Federal Appeals Court Strikes Down California’s Ban on High-Capacity Gun Magazines

August 14, 2020 Updated: August 14, 2020

A federal appeals court on Friday struck down California’s ban on high-capacity magazines, saying that the law is illegal because it violates the Second Amendment under the U.S. Constitution.

The California law challenged in the case, which was enacted in 2016, bans the possession of large-capacity magazines (LCMs) that hold more than 10 rounds of ammunition. The law also bans the manufacture and imports of LCMs.

In a 2-1 ruling, the Ninth Circuit Court found that although the law has a “laudable goal of reducing gun violence” and was passed “in the wake of heart-wrenching and highly publicized mass shootings” it must still comply with the Constitution.

“Even well-intentioned laws must pass constitutional muster,” Judge Kenneth Lee wrote in the majority opinion (pdf). “California’s near-categorical ban of LCMs strikes at the core of the Second Amendment—the right to armed self-defense.”

The panel said the law imposes a “substantial burden” on the right to self-defense as it makes it criminal for state residents to own magazines that are commonly used with firearms such as Glocks and Berettas. The judges said the law’s scope is “so sweeping” that it blocks Californians from owning half of all magazines in the United States.

Epoch Times Photo
People wait in line to enter a gun store in Culver City, Calif., on March 15, 2020. (Ringo H.W. Chiu/AP Photo)

The law requires gun owners in California to alter or turn over any LCMs that they have in possession or face a year in jail.

The Constitution limits how much states can impose a substantial burden on citizen’s right to self-defense, the judges said.

“Many Californians may find solace in the security of a handgun equipped with an LCM: those who live in rural areas where the local sheriff may be miles away, law-abiding citizens trapped in high-crime areas, communities that distrust or depend less on law enforcement, and many more who rely on their firearms to protect themselves and their families,” they wrote.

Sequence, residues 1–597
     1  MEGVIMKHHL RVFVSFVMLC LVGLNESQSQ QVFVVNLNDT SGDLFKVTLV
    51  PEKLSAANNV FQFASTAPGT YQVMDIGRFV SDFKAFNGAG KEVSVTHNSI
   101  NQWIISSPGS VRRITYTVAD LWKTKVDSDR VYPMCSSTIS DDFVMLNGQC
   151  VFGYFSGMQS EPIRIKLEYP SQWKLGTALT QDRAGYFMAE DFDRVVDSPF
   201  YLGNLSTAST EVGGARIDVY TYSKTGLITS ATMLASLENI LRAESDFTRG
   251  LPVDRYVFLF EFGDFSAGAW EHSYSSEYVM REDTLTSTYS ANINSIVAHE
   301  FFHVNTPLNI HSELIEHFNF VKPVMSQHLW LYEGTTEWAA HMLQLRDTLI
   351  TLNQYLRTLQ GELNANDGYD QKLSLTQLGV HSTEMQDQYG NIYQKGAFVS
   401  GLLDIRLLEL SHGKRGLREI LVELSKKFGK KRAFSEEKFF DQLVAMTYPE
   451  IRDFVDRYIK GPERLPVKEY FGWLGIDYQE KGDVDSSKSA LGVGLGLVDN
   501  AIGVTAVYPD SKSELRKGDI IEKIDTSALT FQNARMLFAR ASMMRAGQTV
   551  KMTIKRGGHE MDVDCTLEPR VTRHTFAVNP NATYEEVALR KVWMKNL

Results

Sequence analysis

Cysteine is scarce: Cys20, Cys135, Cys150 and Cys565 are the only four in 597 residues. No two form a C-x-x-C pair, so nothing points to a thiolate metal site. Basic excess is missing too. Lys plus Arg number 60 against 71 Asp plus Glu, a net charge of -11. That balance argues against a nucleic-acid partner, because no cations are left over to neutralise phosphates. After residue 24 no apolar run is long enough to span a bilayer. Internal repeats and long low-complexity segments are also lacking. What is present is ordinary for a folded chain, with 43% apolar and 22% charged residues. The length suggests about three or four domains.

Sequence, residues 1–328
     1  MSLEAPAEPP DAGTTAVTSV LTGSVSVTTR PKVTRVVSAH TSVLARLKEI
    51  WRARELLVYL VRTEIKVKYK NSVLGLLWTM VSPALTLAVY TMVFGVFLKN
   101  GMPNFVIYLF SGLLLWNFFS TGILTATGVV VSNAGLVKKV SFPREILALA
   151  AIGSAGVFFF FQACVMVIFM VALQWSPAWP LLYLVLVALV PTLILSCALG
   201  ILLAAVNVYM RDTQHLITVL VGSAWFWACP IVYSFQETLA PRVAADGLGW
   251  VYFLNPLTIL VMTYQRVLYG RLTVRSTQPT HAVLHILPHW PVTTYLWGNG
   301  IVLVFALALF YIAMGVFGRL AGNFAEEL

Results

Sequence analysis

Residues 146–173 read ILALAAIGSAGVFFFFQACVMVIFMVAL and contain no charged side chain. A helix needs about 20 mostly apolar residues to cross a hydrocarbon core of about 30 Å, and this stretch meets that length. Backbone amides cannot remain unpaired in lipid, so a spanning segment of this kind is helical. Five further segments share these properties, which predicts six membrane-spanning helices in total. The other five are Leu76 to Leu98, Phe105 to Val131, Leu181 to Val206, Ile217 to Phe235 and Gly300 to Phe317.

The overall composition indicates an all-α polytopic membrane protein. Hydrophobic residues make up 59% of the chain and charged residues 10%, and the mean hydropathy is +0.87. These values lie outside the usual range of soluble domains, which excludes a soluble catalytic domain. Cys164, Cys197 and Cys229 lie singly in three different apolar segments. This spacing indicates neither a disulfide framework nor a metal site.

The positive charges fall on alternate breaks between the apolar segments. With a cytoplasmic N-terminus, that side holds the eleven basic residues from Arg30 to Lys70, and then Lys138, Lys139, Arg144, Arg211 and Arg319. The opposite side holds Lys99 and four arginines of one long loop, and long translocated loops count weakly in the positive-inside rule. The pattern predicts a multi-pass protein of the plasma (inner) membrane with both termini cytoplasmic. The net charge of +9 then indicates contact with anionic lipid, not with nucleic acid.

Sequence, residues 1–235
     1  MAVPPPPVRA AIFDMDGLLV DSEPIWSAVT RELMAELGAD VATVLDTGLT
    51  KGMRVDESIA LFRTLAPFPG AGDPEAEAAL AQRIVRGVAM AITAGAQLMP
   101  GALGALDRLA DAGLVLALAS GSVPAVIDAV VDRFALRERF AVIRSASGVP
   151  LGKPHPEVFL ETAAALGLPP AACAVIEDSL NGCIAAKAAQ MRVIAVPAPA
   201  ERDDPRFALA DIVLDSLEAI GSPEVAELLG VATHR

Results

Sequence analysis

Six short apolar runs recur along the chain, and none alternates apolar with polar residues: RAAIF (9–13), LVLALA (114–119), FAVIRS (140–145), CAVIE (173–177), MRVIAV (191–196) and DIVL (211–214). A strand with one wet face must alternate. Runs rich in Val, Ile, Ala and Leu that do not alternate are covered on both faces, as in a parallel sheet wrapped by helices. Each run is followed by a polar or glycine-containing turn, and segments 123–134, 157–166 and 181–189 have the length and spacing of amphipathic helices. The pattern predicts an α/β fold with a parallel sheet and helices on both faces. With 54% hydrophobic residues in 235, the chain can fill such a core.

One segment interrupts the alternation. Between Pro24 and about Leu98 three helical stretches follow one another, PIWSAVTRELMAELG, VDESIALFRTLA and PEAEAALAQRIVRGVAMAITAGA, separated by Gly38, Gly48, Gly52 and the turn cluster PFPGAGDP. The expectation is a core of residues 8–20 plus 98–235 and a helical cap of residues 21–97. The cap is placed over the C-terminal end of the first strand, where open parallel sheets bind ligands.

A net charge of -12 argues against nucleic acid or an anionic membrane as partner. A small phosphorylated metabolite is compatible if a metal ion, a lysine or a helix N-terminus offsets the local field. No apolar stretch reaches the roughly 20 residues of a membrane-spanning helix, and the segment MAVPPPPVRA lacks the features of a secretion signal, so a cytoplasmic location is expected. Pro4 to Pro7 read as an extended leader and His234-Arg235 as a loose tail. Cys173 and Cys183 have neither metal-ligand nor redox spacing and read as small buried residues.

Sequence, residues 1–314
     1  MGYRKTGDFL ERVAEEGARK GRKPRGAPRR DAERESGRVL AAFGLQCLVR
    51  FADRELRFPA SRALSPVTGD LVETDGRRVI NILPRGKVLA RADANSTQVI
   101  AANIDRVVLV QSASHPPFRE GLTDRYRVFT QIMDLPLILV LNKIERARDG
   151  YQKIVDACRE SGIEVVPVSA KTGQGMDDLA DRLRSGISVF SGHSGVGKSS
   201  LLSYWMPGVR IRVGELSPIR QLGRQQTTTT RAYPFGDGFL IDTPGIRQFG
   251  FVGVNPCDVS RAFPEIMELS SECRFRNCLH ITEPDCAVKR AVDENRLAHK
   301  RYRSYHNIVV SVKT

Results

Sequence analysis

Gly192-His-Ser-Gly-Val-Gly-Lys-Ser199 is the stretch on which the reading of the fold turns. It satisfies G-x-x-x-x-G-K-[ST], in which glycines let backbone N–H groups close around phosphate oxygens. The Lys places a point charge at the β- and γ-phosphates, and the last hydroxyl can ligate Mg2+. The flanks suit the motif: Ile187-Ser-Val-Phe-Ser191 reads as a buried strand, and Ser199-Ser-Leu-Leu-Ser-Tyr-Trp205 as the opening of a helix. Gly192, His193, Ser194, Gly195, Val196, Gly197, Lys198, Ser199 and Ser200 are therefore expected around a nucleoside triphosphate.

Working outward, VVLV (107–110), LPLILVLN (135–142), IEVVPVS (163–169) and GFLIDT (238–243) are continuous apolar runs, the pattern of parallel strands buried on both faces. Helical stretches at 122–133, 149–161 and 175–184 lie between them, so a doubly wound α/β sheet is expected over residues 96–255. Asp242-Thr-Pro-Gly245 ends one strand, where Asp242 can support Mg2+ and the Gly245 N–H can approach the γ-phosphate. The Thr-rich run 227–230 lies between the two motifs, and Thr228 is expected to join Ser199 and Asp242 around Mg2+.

Friday’s ruling upholds a preliminary injunction ordered by a district court judge in 2019, which blocks the state from enforcing its law. But days later, the judge stayed part of his own injunction, allowing California to ban on the manufacture, sale, and transfer of large-capacity magazines pending the state’s appeal to the Ninth Circuit.

Epoch Times Photo
People wait in line outside a gun store in San Bruno, Calif., on March 16, 2020. (Justin Sullivan/Getty Images)

The appeals court panel noted that they had only ruled about the issues of LCMs and their decision does not affect so-called assault weapons or “the legitimacy of bans on magazines holding far larger quantities of ammunition.”

U.S. District Court Judge Barbara Lynn of Texas, who had been named the third judge on the appellate panel, said the majority’s ruling conflicts with decisions in six other federal appellate courts across the nation, and with a 2015 ruling by a different panel of the Ninth Circuit itself. She said she would have upheld California’s law based on that precedent.

A number of states have similar laws banning LCMs and the court’s ruling could have implications on those laws. But presently, the ruling only immediately applies to Western states that are under the Ninth Circuit’s jurisdiction.

California Attorney General Xavier Becerra’s office said they were “carefully reviewing” the ruling “with the goal of protecting public safety.”

“Until further court proceedings, the stay on the injunction issued by the district court remains in place. The Attorney General remains committed to using every tool possible to defend California’s gun safety laws and keep our communities safe,” a spokesperson said in a statement to The Epoch Times.

Meanwhile, Chuck Michel, president and general counsel of the California Rifle & Pistol Association, said Friday’s ruling was a “major victory for the Second Amendment.” The association is one of the plaintiffs in the case.

“This is a huge win specifically for the right to possess these valuable self-defense tools. But more generally, this case may present the Supreme Court with an opportunity to set things straight on the underlying issue of what the standard of review test should be when considering any Second Amendment challenge,” Michel said in a statement.

The Associated Press contributed to this report.

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